AAUP Releases First Tenure Study Since 2004, Revealing Major Changes in Faculty Career Tracks

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The American Association of University Professors (AAUP) has released its first major study in nearly 20 years on tenure policies at U.S. institutions of higher education. The findings reveal significant changes in faculty career pathways over the last two decades, aligning with previous research that showed the decline in tenure at U.S. colleges and universities. 

The 2022 report shows that 53.5 percent of higher education institutions have replaced tenure-eligible positions with contingent faculty appointments, compared with only 17.2 percent of colleges in 2004. In 2019, just 10.5 percent of faculty positions in the U.S. were tenure-track and 26.5 percent were tenured, according to the AAUP. Nearly 45 percent were contingent part-time, or adjunct, roles. One in five were full-time, non-tenure-track positions. 

The study also indicates some positive developments in regard to advancing diversity, equity, and inclusion (DEI) efforts and supporting work-life balance. 

Despite the decline in opportunities for advancement and promotion, the study revealed more equitable tenure policies have been implemented at many institutions. Notably, 82 percent of campuses now allow faculty to stop the tenure clock for childbearing or child-rearing obligations, compared with only 17 percent in 2000. More than 90 percent of institutions offer this option regardless of gender.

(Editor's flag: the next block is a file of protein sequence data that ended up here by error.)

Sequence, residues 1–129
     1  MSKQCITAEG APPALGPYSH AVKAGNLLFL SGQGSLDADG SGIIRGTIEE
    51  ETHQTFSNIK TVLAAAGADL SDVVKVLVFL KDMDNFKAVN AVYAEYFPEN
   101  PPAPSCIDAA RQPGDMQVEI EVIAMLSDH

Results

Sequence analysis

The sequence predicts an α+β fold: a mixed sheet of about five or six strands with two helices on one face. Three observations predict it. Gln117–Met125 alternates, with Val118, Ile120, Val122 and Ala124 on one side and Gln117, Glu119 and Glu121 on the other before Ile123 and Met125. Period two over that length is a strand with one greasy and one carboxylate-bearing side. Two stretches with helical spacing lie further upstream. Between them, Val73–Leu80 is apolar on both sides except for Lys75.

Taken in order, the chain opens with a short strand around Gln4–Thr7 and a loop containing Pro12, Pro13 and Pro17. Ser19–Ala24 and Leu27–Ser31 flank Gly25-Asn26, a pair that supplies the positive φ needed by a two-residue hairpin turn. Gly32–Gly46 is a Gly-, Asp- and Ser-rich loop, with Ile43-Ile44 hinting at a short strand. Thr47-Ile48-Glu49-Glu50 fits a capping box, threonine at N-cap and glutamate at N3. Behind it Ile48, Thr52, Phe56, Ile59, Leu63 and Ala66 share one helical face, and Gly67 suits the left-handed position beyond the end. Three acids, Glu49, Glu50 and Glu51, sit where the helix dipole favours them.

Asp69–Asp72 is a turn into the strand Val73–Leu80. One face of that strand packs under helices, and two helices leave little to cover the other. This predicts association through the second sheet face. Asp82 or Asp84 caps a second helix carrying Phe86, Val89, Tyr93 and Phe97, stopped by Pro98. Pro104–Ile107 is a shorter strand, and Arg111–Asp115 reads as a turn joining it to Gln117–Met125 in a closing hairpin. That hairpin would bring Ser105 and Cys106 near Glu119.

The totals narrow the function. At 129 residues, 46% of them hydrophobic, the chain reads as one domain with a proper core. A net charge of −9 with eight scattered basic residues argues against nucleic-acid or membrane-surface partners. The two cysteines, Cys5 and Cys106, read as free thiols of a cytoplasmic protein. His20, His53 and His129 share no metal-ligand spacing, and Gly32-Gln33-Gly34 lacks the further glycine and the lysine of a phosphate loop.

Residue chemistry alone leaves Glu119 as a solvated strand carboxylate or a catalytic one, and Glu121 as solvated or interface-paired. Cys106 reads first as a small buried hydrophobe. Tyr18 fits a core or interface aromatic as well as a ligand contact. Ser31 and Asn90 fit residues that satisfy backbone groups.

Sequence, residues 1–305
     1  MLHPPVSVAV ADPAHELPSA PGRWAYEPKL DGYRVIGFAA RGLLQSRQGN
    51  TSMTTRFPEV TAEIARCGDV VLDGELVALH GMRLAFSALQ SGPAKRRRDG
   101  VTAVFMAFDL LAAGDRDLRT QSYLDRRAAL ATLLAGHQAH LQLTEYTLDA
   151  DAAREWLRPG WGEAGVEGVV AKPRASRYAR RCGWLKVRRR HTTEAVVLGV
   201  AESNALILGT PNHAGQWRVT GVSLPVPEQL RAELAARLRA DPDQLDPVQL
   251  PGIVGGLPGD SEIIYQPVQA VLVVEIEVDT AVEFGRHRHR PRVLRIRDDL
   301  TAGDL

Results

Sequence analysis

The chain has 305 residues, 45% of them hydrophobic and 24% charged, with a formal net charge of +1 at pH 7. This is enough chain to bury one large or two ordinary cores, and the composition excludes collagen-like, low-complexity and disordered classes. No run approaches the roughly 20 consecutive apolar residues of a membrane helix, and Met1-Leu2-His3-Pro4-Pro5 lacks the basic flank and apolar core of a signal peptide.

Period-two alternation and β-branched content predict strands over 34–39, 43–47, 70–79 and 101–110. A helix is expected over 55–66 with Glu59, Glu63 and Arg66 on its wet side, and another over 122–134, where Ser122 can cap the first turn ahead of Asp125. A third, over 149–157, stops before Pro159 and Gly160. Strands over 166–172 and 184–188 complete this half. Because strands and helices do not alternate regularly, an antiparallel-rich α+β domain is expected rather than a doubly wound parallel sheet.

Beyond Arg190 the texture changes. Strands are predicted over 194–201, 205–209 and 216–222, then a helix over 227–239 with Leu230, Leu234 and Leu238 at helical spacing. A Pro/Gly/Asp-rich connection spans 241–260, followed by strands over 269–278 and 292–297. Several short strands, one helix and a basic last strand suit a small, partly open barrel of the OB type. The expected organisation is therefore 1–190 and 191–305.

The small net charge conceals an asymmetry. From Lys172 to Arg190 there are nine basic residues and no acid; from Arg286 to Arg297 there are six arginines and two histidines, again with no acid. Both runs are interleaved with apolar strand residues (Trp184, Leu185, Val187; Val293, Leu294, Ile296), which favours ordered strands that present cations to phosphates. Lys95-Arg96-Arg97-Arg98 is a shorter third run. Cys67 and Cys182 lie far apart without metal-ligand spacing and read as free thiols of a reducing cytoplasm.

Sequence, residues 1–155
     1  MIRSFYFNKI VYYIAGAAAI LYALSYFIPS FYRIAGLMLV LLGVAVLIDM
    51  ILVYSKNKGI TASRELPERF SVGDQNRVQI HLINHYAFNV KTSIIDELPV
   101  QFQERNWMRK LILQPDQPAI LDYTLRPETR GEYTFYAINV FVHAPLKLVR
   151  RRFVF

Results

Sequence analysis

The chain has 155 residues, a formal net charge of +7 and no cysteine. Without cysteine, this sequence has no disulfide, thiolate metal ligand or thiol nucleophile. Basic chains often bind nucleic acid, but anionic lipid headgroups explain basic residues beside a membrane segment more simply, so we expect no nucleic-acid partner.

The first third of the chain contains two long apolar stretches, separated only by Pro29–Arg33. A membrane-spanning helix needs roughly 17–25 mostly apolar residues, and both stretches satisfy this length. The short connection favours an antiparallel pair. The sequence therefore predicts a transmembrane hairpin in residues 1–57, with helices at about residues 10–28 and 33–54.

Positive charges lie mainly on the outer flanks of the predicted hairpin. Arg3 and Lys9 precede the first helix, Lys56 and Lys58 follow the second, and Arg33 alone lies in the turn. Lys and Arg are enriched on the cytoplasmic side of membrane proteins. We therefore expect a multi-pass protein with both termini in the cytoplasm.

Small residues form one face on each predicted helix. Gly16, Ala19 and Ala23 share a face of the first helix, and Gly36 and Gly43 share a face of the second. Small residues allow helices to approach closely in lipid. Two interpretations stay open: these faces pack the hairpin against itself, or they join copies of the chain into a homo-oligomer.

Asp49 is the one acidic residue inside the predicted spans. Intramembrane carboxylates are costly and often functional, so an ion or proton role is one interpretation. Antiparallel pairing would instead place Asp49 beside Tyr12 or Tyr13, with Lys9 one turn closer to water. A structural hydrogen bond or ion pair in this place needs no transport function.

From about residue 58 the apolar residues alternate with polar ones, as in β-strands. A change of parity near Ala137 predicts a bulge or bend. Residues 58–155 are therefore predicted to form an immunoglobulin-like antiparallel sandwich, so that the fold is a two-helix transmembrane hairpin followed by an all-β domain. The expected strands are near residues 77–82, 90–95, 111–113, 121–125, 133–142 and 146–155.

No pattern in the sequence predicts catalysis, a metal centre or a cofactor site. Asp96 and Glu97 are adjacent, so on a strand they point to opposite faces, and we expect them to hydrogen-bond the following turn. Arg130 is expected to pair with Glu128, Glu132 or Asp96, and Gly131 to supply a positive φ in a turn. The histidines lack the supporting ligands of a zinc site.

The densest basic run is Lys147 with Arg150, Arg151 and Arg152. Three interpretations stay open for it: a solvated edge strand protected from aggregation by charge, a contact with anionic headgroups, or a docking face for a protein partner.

Such policies align with the AAUP’s past recommendations that colleges make the tenure process more flexible for faculty members with family obligations. 

The study also assesses how DEI goals and standards play a role in tenure decisions, an aspect that has been overlooked in previous research, according to the AAUP. The association found that 21.5 percent of colleges and universities currently include DEI criteria in their tenure standards. Nearly 39 percent of respondents said they are considering adding such criteria. Furthermore, nearly 40 percent of institutions reported that their tenure criteria had been evaluated for implicit bias within the last five years. An equal number said that their promotion and tenure review committees must participate in implicit bias training. 

“Press reports of such efforts at individual institutions have at times focused on opposition to them by faculty members, outside organizations, or state legislatures. … [T]he focus on opposition to such activities may have caused them to be viewed as ‘controversial,’ which may help explain the relatively high percentage of institutions that are not considering undertaking them,” the AAUP states.

This article was published in our July/August 2022 issue.